Colton Gerard

Editor’s Note: This is the final installment in a three-part series about the annual textiles and apparel seniors and their fashion show that will be held tonight.

Drawing inspiration from small, green toy soldiers, Colton Gerard created an ensemble that resembles his own legion of military officers for his collection, “Heritage,” which makes its debut tonight at the fashion show, “Innovation” at the Frank Erwin Center.

Although his collection is militaristic and exudes the regality of Napoleon Bonaparte, Gerard’s designs resonate with the same handwrought detailing that defines working class Americana circa 1940.

Gerard considered himself an artist from an early age, but pursued sports in high school and planned to play college football his freshman year at university. He sustained a knee injury his senior year that ended his football career and made him reassess his college ambitions.

He started at Texas Tech University as a pre-pharmacy major. After his first few months in Lubbock, he was determined to make the grades to transfer to UT and leave the small town for good.

While exploring other fields of study, he began designing graphic tees by using iron-on stencils as a hobby. His favorite shirt was a black tee with gold spray paint and writing that said “Beat Box Champion,” featuring his likeness holding a microphone ironed on to the shirt.

This hobby sparked his interest in fashion and, upon transferring to UT his sophomore year, he settled into the College of Natural Sciences as a textiles and apparel major.

Beginning fashion classes was difficult for Gerard. He was the only student pursuing menswear design in his class but was forced to study women’s fashion because the textiles and apparel department does not teach men’s design.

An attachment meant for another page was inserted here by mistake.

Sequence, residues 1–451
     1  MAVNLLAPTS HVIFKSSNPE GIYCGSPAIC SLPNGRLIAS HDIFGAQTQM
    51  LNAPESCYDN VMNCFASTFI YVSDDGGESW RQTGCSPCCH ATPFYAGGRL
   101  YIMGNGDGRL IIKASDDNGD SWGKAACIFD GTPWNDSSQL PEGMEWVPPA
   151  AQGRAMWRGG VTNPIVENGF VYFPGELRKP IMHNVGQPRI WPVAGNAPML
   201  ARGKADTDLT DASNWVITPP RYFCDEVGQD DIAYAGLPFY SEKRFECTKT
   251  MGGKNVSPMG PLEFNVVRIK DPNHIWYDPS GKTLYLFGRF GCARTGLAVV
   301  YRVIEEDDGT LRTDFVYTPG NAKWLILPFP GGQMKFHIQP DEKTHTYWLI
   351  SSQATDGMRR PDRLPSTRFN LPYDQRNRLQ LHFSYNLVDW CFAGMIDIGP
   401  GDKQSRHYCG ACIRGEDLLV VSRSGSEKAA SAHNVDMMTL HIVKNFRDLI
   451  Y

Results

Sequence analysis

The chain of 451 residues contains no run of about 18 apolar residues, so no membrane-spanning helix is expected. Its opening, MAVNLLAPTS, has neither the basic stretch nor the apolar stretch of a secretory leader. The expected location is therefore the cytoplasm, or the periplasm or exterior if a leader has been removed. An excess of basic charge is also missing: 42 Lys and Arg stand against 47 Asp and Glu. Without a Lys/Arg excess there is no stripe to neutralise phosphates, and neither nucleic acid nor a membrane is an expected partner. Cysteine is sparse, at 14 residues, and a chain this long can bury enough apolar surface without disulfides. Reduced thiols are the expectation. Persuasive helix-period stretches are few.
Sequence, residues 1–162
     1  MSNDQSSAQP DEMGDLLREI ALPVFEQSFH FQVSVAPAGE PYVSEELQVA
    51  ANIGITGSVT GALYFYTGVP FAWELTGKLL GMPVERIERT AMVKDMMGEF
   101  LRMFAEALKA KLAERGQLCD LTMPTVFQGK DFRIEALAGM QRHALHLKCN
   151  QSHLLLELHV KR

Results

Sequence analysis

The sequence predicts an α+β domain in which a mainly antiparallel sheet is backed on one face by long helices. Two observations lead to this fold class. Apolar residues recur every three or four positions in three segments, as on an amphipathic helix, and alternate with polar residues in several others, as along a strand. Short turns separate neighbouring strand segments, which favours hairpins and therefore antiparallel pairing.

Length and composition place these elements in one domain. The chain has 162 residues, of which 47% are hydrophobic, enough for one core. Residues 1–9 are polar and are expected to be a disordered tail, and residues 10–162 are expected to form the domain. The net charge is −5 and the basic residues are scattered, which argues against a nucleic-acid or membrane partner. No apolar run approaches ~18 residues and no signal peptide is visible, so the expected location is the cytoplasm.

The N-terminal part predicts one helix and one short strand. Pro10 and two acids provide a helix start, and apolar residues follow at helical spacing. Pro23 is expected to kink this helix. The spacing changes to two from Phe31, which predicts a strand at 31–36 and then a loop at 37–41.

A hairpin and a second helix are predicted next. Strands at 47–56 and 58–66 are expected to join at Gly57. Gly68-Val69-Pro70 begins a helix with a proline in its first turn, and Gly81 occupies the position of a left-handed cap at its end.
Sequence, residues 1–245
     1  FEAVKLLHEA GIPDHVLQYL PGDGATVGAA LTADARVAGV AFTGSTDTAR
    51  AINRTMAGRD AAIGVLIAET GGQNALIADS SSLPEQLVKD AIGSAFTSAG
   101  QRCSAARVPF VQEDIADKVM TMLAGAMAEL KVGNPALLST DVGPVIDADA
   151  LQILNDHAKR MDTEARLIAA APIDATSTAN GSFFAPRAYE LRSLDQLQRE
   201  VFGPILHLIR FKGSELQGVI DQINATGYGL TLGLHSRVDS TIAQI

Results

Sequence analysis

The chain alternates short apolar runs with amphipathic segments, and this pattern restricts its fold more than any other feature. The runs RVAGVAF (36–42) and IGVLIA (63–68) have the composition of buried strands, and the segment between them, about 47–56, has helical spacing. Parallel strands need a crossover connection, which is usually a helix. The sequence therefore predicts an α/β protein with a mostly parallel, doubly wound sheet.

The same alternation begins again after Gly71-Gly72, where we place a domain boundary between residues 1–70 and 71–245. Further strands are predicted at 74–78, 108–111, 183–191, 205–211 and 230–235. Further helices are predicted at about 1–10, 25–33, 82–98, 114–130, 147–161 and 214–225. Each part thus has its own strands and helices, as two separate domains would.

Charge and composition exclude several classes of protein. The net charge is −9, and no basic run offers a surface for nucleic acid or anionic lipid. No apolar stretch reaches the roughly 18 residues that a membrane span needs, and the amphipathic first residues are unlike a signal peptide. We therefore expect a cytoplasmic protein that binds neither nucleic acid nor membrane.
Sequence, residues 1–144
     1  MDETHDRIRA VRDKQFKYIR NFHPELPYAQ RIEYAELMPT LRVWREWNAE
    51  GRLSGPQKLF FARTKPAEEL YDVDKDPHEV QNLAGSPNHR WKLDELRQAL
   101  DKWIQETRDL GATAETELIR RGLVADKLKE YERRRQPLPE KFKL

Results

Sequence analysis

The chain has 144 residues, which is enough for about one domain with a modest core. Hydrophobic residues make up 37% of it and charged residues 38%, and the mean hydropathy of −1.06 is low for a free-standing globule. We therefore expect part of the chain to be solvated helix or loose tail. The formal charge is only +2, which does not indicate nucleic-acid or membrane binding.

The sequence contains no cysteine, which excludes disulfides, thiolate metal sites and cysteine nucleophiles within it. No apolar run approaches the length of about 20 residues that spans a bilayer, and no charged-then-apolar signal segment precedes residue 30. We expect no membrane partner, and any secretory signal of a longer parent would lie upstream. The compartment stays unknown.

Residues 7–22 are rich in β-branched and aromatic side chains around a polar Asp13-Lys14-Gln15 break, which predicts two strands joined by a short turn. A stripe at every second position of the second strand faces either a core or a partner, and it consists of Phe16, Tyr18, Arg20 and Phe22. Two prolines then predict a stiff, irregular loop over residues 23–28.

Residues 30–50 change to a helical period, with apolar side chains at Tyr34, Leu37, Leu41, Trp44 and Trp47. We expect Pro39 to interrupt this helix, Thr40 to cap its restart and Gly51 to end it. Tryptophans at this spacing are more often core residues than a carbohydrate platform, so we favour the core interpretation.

“As a menswear designer, I did not have a grasp of what makes a woman feel beautiful or how to flatter their curves,” Gerard said. “However, I feel like to be successful in this industry I had to mold myself into being a womenswear designer as well.”

During his first few classes, Gerard said he found himself sitting in the corner, feeling as if he had to prove himself to the class full of female students.

“I felt like I was being pushed to do something that wasn’t natural to me and felt like I needed to be overly masculine to prove myself to the other female designers,” Gerard said.

As time passed he became more comfortable with women’s design and created numerous dresses, including a Navajo print bubble dress that UT fashion designer Jessica Bird said she loved.

With four looks in his current Fall 2011 menswear collection, Gerard’s most prominent piece is a long khaki jacket with leather detailing, sturdy top stitching, epaulets and a heavy structure. He brings many natural elements into the jacket, which contribute to its ornate detailing, such as toggles made of deer antlers, elbow patches made of dark rabbit fur and a white rabbit’s foot that hangs close to the front pocket.

He said his work has been compared by panelists to Ralph Lauren’s Double RL collection. Coincidentally, Gerard hopes to soon work for that very brand.

His finale piece is a formal, gold and black velvet smoking jacket inspired by the Dos Equis’ “Most Interesting Man” campaign. It has a seven-inch cigar pocket on the inside of the jacket. The look features a lipstick-stained, collared white shirt underneath the jacket and also an eye patch that resembles something a James Bond villain would wear.

Though his formal look does not fit his collection’s rugged, military aesthetic, it has an eccentric, ornate quality that “Heritage” was meant to portray.

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WHAT: “Innovation” — the UT senior fashion show
WHEN: Tonight; pre-show exhibition at 6:30 p.m. / show at 8 p.m.
WHERE: Frank Erwin Center
HOW MUCH: Free